Zeus and Hera come to an understanding concerning the destruction of cities.   Pandarus unleashes a treacherous arrow, wounding Menelaus.  Agamemnon marshals his troops, and war begins in earnest.  Treachery of the Trojans.

Book V

Diomedes begins his warring bolstered by Athena.  Pandarus tries to bring him down with an arrow, but he is too favored to be stopped.  Aphrodite, Apollo, then Ares are subdued, Hera and Athena being matchless.

Book VI

Hector marshals his troops back in Troy.  Glaucus meets Diomedes, and they reflect on man and friendship.  Hector meets with Andromache, and wishes the future for Astyanax.  This is the pity of the Trojans.

Book VII

A duel is set in the plains.   The hero Hector meets with the Giant Ajax and they battle each other to a draw.  Gifts are exchanged and piety reigns.

Book VIII

Zeus sets the battle in motion with his lightening.  Hera and Athena are outraged, but restrained from interference.  Zeus pronounces his doom, and Troy pushes to across the plains to encamp in the night, waiting to assault the Argive ships in the morning.

Book IX

Agamemnon is distraught, his advisor Nestor advises reconciliation with Achilles.   Three heroes, Odysseus, Nestor, and Ajax are appointed to appeal the Argives case to Achilles.   Achilles sleeps on it.

Book X

Odysseus and Diomedes execute a night raid into the plains below Troy.   They destroy sleeping men and steal horses.  They encounter a Trojan infiltrator, Dolon, who they interrogate and execute.

Book XI

Dawn rises, and Eris (strife) shouts Agamemnon on to battle.  The Mycenaean chief battles forward, and Hector who is advised by Zeus withdraws.   In succession, Agamemnon, Diomedes and Odysseus receive wounds and withdraw.   Achilles, concerned over the rout, sends Patroclus to investigate where he meets Nestor, who suggests that Patroclus himself should lead the Myrmidons out to fight.

Book XII

Hector continues the assault.   An evil bird omen appears, and Polydamas warns Hector of his fate, but Hector seizes the opportunity and pushes the fight through the Achaean trenches.   Sarpedon and Glaucus commit to the assault.

Book XIII

During a lull in Zeus’ attention, Poseidon takes the Argives plight in his hands, and helps them to drive the Trojans back.   Polydamas urges Hector to regroup, and he does.   Zeus returns and the Trojans push the Argives back once again.

Book XIV

Now the wounded trio of Odysseus, Agamemnon and Diomedes must return to direct their flagging troops from the rear.  Hera distracts Zeus and returns Poseidon to the fight.   Ajax severely wounds Hector with a thrown boulder.

Book XV

Zeus awakens and in rage returns to the battle.  Zeus reveals his doomsday plan to the frightened Hera, who returns in horrified resignation to Olympus.   Patroclus, now alarmed at the Trojans reaching the ships, resolves to beg Achilles to intervene.

Book XVI

Achilles’ rage against Agamemnon is unabated.  He suggests that Patroclus borrow his armor, and lead the Myrmidons forth himself, being careful to only drive the Trojans away, but not to pursue them to Troy.  Patroclus, exulting in his success in battle, not only pursues the Trojans to the walls, but assaults Apollo himself, who ultimately kills Patroclus.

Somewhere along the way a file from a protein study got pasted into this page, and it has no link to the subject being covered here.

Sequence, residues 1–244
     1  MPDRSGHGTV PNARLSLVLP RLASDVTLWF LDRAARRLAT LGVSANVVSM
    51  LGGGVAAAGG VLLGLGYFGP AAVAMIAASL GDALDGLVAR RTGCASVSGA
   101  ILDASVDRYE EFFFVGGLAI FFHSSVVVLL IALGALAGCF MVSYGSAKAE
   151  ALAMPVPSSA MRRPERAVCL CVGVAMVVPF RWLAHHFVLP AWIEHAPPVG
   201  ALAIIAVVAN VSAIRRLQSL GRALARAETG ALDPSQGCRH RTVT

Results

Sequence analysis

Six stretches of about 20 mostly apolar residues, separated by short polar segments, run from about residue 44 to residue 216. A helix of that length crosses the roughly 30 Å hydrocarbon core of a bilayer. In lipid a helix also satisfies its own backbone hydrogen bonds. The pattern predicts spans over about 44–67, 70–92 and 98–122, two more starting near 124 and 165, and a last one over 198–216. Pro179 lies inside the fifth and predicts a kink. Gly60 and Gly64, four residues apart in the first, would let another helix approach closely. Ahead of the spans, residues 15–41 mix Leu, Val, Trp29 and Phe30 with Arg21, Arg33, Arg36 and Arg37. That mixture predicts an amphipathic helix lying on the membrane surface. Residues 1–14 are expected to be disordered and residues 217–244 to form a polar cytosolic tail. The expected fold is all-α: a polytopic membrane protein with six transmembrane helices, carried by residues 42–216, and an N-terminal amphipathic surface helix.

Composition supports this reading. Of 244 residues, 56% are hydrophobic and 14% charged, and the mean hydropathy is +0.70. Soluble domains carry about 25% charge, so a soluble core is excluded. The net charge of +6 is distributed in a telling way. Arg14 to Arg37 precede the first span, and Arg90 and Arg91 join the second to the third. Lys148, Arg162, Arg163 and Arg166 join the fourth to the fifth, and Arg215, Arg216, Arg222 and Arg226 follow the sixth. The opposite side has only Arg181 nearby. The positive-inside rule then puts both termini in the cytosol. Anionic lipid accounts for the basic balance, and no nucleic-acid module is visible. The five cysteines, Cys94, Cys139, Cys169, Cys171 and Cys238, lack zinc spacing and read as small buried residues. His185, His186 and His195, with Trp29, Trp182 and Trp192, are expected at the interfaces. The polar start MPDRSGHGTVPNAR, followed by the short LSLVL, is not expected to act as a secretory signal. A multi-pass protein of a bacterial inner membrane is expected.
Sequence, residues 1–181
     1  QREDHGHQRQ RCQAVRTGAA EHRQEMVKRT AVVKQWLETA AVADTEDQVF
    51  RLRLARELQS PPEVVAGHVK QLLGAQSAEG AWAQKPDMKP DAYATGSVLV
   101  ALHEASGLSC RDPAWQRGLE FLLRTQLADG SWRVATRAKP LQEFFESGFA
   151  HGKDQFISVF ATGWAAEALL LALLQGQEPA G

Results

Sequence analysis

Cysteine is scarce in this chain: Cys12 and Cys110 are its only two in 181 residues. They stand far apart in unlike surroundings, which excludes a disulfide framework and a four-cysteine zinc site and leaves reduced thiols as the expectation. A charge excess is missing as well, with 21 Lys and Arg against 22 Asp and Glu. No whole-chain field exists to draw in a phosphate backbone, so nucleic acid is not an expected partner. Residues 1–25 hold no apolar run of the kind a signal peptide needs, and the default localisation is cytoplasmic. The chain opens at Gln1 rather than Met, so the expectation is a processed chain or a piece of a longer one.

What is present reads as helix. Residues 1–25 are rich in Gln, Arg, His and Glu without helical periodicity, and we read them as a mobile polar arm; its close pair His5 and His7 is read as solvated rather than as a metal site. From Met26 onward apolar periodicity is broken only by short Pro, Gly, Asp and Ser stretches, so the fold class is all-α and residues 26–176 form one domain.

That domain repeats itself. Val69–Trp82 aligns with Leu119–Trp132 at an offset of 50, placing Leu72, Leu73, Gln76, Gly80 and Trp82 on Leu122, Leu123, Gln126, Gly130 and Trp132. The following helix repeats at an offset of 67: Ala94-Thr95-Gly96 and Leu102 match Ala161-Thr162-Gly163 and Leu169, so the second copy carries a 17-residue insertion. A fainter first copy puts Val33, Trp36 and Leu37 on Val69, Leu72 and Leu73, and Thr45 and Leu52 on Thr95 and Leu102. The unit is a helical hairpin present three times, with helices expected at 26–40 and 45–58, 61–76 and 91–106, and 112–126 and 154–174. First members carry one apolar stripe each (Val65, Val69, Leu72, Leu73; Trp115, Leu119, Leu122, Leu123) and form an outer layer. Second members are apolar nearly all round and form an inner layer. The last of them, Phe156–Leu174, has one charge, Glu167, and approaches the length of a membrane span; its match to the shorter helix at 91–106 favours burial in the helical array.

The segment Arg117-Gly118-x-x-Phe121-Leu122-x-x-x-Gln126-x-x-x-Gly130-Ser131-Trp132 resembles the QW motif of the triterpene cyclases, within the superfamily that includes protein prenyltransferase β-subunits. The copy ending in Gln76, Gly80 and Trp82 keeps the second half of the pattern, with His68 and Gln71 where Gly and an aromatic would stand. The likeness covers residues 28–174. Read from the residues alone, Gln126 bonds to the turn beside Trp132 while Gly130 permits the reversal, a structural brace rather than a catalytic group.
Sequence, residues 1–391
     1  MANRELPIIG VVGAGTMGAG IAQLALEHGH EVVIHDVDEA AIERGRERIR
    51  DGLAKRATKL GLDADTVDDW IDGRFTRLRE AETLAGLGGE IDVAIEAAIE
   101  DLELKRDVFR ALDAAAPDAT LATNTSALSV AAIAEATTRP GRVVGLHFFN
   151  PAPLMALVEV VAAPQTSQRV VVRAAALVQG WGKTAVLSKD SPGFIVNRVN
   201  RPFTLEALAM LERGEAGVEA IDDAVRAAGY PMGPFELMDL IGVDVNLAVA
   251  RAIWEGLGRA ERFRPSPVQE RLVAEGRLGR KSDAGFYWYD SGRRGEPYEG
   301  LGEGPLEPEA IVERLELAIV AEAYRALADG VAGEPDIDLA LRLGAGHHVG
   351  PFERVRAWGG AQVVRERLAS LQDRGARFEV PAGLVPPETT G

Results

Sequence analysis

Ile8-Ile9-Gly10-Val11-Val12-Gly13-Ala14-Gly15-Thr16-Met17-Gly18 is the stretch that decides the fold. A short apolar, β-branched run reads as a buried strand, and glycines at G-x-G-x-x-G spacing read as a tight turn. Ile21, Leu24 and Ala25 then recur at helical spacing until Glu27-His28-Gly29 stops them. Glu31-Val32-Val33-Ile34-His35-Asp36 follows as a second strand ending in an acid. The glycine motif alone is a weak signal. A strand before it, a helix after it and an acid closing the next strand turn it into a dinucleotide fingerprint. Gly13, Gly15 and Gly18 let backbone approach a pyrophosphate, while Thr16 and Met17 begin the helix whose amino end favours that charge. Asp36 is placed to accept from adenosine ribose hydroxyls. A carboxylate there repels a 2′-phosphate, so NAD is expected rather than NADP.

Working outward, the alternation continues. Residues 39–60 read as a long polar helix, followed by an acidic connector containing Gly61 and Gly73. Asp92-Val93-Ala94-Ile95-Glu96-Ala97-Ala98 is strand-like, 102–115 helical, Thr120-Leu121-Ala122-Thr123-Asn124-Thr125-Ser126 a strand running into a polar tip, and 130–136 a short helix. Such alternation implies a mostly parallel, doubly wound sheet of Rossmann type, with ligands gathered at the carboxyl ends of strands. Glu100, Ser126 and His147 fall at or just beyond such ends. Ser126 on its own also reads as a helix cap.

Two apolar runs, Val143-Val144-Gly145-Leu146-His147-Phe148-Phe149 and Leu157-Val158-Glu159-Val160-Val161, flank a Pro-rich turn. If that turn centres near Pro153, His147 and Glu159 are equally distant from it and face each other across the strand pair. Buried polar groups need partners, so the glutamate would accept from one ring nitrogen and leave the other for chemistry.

Iliad reading guide XVI

Book XVII

Menelaus sets forth to recover Patroclus’ corpse.  Hector decides to don the armor of Achilles and enter the struggle for the body.   The Argives manage to keep the body of Patroclus, retreating with it headlong to the ships and the beach.

Iliad Reading Guide XVII

Book XVIII

Achilles now learns of the death of his best friend.   Achilles weeps, decides his doom in battle, and utters the loud cry from the trench, stopping the battle.   Hephaestus sets to making new armor for the warrior.

Iliad Reading Guide XVIII

Book XIX

Achilles meets now with Agamemnon.   He refuses food and drink, hungry only for battle.  His horse prophesies his death, and Achilles, telling him not to waste his breath, drives his chariot forward.

Iliad Reading Guide XIX

Book XX

Zeus sets the gods loose to war among themselves with the Trojans and Greeks.  Achilles faces Aeneas, who is saved by the gods.   Achilles blazes forward.

Iliad Guide XX

Book XXI

Achilles, killing so many men in the river bed, offends the river god Scamander.   Achilles is nearly overwhelmed fighting the river itself, but is  saved as Hephaestus’ fire assaults the torrent.  Apollo diverts the ravening Achilles by a ruse, leading him far from the Trojan walls.

Iliad Guide XXI

Book XXII

The Trojans open their gates to allow their army to shelter within the walls.   Hector waits for Achilles outside, tricked by Athena into believing his brother Deiphobus is there to fight with him.   Achilles chases Hector around the city three times then kills Hector, dragging off the body behind his chariot.

Book XXIII

Achilles prepares for the funeral games of Patroclus.   The Argive heroes compete in a series of contests and Achilles awards prizes.   The funeral pyre is built, massive sacrifices, including twelve Trojans, are slaughtered and burned along with Patroclus’ corpse.

Book XXIV

The gods are shocked and insulted by Achilles treatment of the body of Hector.   Thetis is sent to beg Achilles to release the body, and king Priam journeys clandestinely through the Argive lines to approach Achilles.   Achilles and Priam grieve together,  agreeing to a funeral truce as Priam retrieves the body of his son for burial.

 

 

The Odyssey

The heroic epic of Homer concerning Odysseus.

The Predicables

The predicables, unlike the categories, express the relation of a predicate term to its subject in a proposition.

They apply to universal concepts (classes) and not individuals.

  • Genus

Is the ‘note’ of essence that is common to all of its subspecies.  Example:  A Bus is a Truck

  • Specific Difference

This distinguishes a species from all other species in its genus.

  • Species

What individuals (instances – both form and quantity) have in common with their class (form only).

  • Property

Property flows necessarily from essence.  Wherever that class extends, so does this property.  It is, however, not a specific difference or part of the essential definition of that class.

  • Accident

Exists only contingently.  They may or may not accompany the essential presence of the predicated subject.